Excellent content is shared.
If people read your content but not share it, then you are not producing quality content and your marketing is failing. Period.
This is especially true with influencers in your niche. If you create enough fantastic content, some influencers in your market will eventually share this content. If it is not the case, it is a problem.
Think about your own online behavior. When you read or meet a great blog, computer graphics or video, you share it with your own fans, followers, friends and family. It’s almost automatic. Each platform has built-in capability, and third-party tools like Hootsuite and sharing plugins make it easy and convenient.
We read or look, we share it instinctively. You want your content to be shared. You need your content to be shared.
Whenever you create something, you want it to become viral. This kind of reach and exposure is the dream. Although this can not happen for you, a consistent social sharing increases your exposure exponentially. A retweet puts your content in front of a whole new set of eyes. This leads people to talk about you and your brand. And the cycle repeats itself if only one person in this new group shares it again, and so on.
First, you must track the number of shares you receive with your existing content.
Tools like Hootsuite can monitor your mentions on social media, Google Alerts can warn you when your keywords and phrases are used, Likealyzer analyzes your Facebook page, Snaplytics provides data on Snapchat and Instagram Stories, BuzzSumo shows you how Google Analytics can indicate the traffic generated by social networks (under Acquisition> Social> Overview), SharesCount displays individual URL-based shares and all-in-one management platforms. as Sprout Social can monitor most major platforms from a dashboard.
If you do not have shares, you have a serious job to do. If you have shares, it is always better. If you are satisfied with the actions you see, you are selling yourself and your content in the short term.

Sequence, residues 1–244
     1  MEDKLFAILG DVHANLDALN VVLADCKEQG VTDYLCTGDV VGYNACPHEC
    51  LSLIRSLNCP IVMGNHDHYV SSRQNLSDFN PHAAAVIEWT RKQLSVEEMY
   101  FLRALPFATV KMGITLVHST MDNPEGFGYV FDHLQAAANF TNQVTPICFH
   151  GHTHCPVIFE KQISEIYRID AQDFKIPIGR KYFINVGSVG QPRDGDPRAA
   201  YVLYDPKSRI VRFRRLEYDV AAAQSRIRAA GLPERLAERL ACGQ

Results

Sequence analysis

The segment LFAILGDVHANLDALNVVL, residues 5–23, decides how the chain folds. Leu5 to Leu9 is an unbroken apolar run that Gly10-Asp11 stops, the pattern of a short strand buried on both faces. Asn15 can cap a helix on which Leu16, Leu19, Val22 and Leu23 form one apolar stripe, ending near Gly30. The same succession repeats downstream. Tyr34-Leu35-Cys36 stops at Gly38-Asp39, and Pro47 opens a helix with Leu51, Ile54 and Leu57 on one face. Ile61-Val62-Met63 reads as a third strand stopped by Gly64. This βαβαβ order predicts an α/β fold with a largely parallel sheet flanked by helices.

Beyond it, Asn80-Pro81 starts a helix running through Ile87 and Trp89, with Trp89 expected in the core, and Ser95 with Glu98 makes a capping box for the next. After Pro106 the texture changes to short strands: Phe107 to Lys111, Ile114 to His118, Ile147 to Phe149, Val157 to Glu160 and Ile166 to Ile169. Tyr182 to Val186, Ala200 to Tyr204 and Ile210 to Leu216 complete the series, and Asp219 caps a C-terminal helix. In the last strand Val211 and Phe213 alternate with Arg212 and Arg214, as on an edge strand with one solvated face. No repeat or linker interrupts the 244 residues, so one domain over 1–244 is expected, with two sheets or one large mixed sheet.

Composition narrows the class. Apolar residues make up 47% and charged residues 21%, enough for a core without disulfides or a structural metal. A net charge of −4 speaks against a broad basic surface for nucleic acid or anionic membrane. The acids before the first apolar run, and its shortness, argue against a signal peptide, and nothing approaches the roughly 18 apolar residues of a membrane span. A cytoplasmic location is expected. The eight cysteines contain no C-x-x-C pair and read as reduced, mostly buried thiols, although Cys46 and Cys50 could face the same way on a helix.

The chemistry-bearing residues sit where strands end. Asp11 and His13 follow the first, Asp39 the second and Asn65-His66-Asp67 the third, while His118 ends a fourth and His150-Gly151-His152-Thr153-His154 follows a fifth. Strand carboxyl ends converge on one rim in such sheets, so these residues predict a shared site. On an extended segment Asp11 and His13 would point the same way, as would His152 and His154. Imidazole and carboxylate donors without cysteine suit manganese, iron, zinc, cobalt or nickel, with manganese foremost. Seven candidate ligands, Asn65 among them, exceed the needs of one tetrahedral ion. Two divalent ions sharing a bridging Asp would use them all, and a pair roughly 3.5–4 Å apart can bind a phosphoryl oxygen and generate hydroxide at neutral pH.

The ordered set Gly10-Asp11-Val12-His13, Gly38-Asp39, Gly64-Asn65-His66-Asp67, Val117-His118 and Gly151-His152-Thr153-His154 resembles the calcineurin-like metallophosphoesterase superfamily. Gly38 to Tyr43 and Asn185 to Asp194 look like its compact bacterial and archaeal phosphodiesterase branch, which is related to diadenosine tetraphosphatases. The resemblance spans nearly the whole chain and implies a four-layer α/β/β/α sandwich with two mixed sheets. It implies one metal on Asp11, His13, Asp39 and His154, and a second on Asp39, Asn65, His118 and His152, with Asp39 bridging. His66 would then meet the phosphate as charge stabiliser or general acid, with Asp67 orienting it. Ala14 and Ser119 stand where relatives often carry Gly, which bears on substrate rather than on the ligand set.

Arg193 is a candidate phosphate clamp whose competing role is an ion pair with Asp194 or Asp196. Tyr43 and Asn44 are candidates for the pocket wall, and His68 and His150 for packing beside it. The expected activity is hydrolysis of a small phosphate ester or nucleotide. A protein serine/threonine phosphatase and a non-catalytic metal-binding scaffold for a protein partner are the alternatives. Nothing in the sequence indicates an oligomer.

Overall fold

“This is not the best content that wins.It is the best-promoted content that wins.” ~ Andy Crestodina
More actions, more exposure. More exposure, more tracks. More leads, more conversions. So, do everything you can to increase the amount of social sharing you already see:
- Produce only incredibly high quality and value content. Do not share anything other than what you have best to offer.
- Spend more time on your title than on the rest of the room. Your title should hang them and force them to click, read or watch.
- Write on topics that are both relevant and timely. What is happening in your niche?
- Try tools like Click-To-Tweet or a scrollbar like AddThis to remove friction and allow your readers to share what and when they want.
- Make it easy to share with share buttons at the top and / or side and / or bottom.
- Ask them to share. Remind them to share.
- Use attractive visuals.
- Create an evergreen content.
The increase in your shares should be part of your content marketing strategy, no matter how many of your current visits. Step 1: Monitor your actions. Step 2: Increase your shares.
None, few or many, the better.
Panel # 4: Your prospects do not talk about your content
This one is reactive. You will not know until you start generating quality leads. This requires asking them or asking them where and how they heard about you, your brand and your products.
It can be a simple matter in your series of emails or when you talk to them on the phone, or during an online survey or a field to fill out on a registration form. “How did you hear about us?” Is cost-effective and relevant data to collect.